Python 3.0 - is this true?

Terry Reedy tjreedy at udel.edu
Sun Nov 9 05:00:27 CET 2008


Steven D'Aprano wrote:
> On Sat, 08 Nov 2008 19:02:28 +0000, Arnaud Delobelle wrote:
> 
>>> And, if so, why are they doing this?
>> How is it helpful to be able to sort things which have no natural order?
> 
> Assuming you need to sort arbitrary types, then you have to choose an 
> order, even if it is arbitrary, so long as it's consistent.
> 
> I agree that Python shouldn't try to guess how to order incomparable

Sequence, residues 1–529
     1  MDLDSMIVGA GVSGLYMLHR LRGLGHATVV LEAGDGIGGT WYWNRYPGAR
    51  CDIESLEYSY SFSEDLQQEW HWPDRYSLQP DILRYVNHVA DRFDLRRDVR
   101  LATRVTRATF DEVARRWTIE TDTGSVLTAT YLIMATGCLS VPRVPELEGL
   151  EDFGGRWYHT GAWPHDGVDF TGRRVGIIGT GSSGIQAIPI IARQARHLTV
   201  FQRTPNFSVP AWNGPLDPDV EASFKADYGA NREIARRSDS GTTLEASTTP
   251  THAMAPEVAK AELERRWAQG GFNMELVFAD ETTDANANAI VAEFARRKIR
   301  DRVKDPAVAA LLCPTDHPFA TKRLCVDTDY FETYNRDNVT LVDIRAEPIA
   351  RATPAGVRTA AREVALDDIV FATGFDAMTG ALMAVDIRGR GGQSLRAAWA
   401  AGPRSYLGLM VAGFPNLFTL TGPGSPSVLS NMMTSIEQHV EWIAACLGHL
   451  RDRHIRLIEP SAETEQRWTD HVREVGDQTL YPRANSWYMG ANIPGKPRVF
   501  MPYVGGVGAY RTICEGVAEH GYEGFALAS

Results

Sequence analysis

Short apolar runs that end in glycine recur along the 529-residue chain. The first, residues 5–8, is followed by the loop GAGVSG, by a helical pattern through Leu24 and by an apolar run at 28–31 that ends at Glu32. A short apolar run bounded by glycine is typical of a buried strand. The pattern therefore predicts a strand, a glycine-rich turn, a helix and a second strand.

> types, nor how to order unorderable types, but I'm pretty sure that by 
> using the key argument to sort you can specify your own ordering. I don't 
> have Python 3 installed here, but some variation on this will probably 
> work:
> 
>>>> alist = [2+3j, -4+5j, 8+2j, 1-7j, 6]
>>>> sorted(alist, key=str)
> [(-4+5j), (1-7j), (2+3j), (8+2j), 6]

> Define your own ordering if you need to sort incomparable types.

Yes, key= lets you sort anything anyway you want.
 >>> l=[1, '2', 3j]
 >>> sorted(l, key = str)
[1, '2', 3j]
 >>> sorted(l, key = id)
['2', 3j, 1]





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